Reports and Campaigns

spotAbout the Socialist Party

spotAnti-capitalism

spotAnti-privatisation

spotAnti-war

spotElection campaigns

spotEnvironment

spotHealth

spotSocialist women

spotWorkplace

spotYouth and Students

All keywords


Socialist Party Facebook page
Socialist Party on Twitter
Visit us on Youtube

Election campaigns keywords:

Candidates (51)

Council elections (45)

Councillors (315)

Election (1117)

Elections (444)

Elections 2015 (3)

General election (132)

No2EU (80)

Trade Unionist and Socialist Coalition (489)

TUSC (999)


Reports and campaigns:

Anti-capitalism (1237)

Anti-fascist (561)

Anti-racism (704)

Anti-war (1488)

Asylum (211)

Black and Asian (394)

Children (377)

CNWP (108)

Corporate crime (2)

Disability (201)

Education (3914)

Election campaigns (2448)

Environment (608)

EU (450)

Finance (99)

Food (270)

Health and safety (33)

Health and welfare (315)

Housing (1036)

Human Rights (380)

LGBT Pride (143)

Local government (2180)

Local services (3658)

Low pay (509)

Migration (56)

Nationalisation (145)

New workers party (467)

NHS (1842)

Pensions (701)

Post Office (222)

Poverty (573)

Privatisation (1017)

Public Services (1131)

Socialism (872)

Socialist (43)

Sport (196)

Stop the slaughter of Tamils (90)

Students (1829)

The state (1368)

Transport (551)

TUSC (999)

Welfare rights (716)

Women (763)

Workplace and TU campaigns (8261)

Youth (1966)

Related websites

Youth Fight For Jobs

Trade Unionist and Socialist Coalition

National Shop Stewards Network

Tamil Solidarity


Highlight keywords  |Print this articlePrint this article
From: The Socialist issue 952, 14 June 2017: Tories must go: organise to fight for Corbyn's policies

Search site for keywords: GMB - Workers - Labour - Union - NHS - Economy - General election - Austerity - Fracking - Labour leadership

GMB conference: angry mood from delegates not reflected by leadership

GMB members want action, photo Claire Job

GMB members want action, photo Claire Job   (Click to enlarge)

Kim Hendry, GMB union PCS branch and GMB conference delegate (personal capacity)

Up to 800 delegates met in Plymouth from 4-6 June for the 100th congress of the general union GMB.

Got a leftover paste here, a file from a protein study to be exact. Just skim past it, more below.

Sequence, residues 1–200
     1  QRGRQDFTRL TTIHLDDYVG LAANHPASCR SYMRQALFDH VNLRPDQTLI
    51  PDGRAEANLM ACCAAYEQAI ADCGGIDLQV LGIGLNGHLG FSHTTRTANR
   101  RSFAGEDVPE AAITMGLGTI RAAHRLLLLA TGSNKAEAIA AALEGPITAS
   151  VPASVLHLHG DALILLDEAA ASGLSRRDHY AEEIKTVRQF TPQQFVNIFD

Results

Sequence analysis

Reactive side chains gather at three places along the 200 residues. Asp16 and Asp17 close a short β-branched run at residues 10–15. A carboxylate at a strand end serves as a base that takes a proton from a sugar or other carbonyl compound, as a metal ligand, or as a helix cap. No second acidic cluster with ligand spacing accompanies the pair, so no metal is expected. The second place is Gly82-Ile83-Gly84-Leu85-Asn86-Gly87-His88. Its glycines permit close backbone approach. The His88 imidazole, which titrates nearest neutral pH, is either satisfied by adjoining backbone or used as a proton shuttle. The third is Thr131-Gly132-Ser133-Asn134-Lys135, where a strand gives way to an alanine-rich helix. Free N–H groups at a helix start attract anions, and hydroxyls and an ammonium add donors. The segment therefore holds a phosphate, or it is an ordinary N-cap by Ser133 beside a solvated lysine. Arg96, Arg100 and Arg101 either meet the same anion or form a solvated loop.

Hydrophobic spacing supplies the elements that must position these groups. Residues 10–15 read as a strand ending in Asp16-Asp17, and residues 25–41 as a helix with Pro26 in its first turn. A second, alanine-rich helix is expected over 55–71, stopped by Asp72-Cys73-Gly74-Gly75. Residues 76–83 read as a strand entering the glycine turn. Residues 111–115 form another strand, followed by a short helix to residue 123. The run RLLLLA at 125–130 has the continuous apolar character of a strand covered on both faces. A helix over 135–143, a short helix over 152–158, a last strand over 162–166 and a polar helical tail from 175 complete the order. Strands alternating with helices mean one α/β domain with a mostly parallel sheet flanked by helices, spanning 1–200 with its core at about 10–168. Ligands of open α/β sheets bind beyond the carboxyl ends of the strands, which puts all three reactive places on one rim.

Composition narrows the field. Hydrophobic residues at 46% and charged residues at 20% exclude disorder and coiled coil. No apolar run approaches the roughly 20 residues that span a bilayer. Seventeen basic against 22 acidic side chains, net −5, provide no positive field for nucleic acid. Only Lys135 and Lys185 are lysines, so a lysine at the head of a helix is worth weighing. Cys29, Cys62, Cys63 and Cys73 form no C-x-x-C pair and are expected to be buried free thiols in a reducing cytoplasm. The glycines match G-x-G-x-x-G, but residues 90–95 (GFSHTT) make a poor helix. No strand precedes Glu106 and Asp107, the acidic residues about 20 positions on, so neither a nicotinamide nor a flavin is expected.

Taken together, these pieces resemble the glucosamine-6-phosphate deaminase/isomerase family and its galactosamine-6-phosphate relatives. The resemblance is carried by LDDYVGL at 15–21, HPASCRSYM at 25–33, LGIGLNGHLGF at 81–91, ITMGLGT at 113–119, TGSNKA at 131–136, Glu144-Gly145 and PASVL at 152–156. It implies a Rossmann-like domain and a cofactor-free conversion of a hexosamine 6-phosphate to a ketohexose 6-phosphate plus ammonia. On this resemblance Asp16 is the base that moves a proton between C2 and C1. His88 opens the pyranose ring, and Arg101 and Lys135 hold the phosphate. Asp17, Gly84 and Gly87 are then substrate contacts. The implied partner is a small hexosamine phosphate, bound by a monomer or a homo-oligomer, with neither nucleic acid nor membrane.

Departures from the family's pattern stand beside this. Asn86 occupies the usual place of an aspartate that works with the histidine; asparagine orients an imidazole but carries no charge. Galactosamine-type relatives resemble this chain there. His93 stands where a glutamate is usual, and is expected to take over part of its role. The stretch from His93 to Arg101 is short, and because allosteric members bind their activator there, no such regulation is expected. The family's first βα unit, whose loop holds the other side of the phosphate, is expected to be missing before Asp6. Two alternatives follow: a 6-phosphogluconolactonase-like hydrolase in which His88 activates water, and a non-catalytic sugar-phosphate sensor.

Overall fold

Delegates heard a wide range of motions, although the packed timetable - two days shorter due to the snap general election - meant there was even less debate than usual.

The most controversial motion was the leadership report on energy, which included qualified support for fracking. While the report was carried, a growing number of delegates were confident enough to express opposition.

Two motions which sought very modest improvements to rectify the democratic deficit in congress debate were passed, against the wishes of the leadership.

Two important motions - one setting out a partial, fighting programme to defend the NHS, was carried with qualification. The other calling for mandatory reselection of Labour MPs, was defeated. respectively. The reselection motion was was moved by Socialist Party member Tony Davidson.

Against these disappointing but predictable developments, delegates agreed a range of progressive policies on such issues as defending migrants, fighting racism and Islamophobia, and increasing the diversity of GMB reps.

Gig economy

There was also a report on precarious work and the gig economy including a new GMB survey which found that one-third of all UK workers are now on zero-hour contracts and other forms of insecure employment.

As in recent years, the unifying theme of many motions was the appalling human impact of Tory austerity cuts, both for workers and service users.

NHS porters, ambulance drivers, teaching assistants, council staff and care home workers - angry, demoralised and stressed - lined up to tell their stories.

But as usual, there was a striking disconnect between the problems identified and the lack of a clear programme of action.

Much of this can be attributed to the GMB leadership, which yet again failed to call for coordinated industrial action and campaigning with other unions. The GMB response to austerity is to wait for a Labour government.

But while this prospect is now a real possibility, after the general election upheaval, it's no thanks to GMB which supported Owen Smith in last year's Labour leadership challenge, despite 2016 congress delegates overwhelmingly backing Corbyn.






Join the Socialist Party Join us today!

Printable version Printable version

Facebook   Twitter

Related links:

GMB:

triangleArriva bus strikers stand firm

triangleScotland: BiFab workers' occupation and march secures jobs and pay guarantee

triangleTrade unionists march to defend 650 local jobs

triangleNorth London hospital workers fight cuts and job losses

triangleGig economy exploiter Uber loses London licence

Workers:

triangleLocal government pay: fight for the 5% claim, fully funded

triangleUnite protest against blacklisting

triangleEnd Tory war on poor

triangleBlack Country Socialist Party: Workers striking back against austerity

Labour:

triangleAnti-DOO lobby of Liverpool's transport committee

triangleBirmingham South East Socialist Party: Can the Labour Party be changed?

triangleBlairite horror and Labour's divisions graphically exposed

Union:

triangleStrikers rally in Liverpool

trianglePCS Left Unity celebrates 40th anniversary at annual conference

NHS:

triangleThe Socialist Inbox

Economy:

triangleAmber warning lights flash on British economy

General election:

triangleTories on the brink - kick them out!

Austerity:

triangleTUSC conference to debate 2018 elections

Fracking:

triangleCourt maintains injunction against fracking protesters

Labour leadership:

triangleTories torn - bin them now